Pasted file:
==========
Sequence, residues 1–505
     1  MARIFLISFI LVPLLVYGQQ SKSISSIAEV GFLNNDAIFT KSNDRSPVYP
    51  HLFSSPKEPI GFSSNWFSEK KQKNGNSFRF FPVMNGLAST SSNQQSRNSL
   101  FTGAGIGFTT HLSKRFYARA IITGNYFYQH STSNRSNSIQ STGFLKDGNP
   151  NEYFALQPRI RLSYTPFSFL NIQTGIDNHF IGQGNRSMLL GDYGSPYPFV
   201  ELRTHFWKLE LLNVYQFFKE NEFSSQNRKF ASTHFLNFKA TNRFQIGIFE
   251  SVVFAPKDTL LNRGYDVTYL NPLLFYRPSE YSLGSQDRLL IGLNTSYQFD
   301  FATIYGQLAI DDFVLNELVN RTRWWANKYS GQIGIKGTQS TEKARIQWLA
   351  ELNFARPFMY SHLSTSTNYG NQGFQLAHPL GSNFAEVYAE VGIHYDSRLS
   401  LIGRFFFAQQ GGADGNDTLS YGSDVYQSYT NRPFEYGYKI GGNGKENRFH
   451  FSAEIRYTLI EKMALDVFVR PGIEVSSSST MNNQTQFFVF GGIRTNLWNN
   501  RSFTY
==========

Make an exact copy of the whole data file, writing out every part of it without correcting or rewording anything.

Sequence, residues 1–505
     1  MARIFLISFI LVPLLVYGQQ SKSISSIAEV GFLNNDAIFT KSNDRSPVYP
    51  HLFSSPKEPI GFSSNWFSEK KQKNGNSFRF FPVMNGLAST SSNQQSRNSL
   101  FTGAGIGFTT HLSKRFYARA IITGNYFYQH STSNRSNSIQ STGFLKDGNP
   151  NEYFALQPRI RLSYTPFSFL NIQTGIDNHF IGQGNRSMLL GDYGSPYPFV
   201  ELRTHFWKLE LLNVYQFFKE NEFSSQNRKF ASTHFLNFKA TNRFQIGIFE
   251  SVVFAPKDTL LNRGYDVTYL NPLLFYRPSE YSLGSQDRLL IGLNTSYQFD
   301  FATIYGQLAI DDFVLNELVN RTRWWANKYS GQIGIKGTQS TEKARIQWLA
   351  ELNFARPFMY SHLSTSTNYG NQGFQLAHPL GSNFAEVYAE VGIHYDSRLS
   401  LIGRFFFAQQ GGADGNDTLS YGSDVYQSYT NRPFEYGYKI GGNGKENRFH
   451  FSAEIRYTLI EKMALDVFVR PGIEVSSSST MNNQTQFFVF GGIRTNLWNN
   501  RSFTY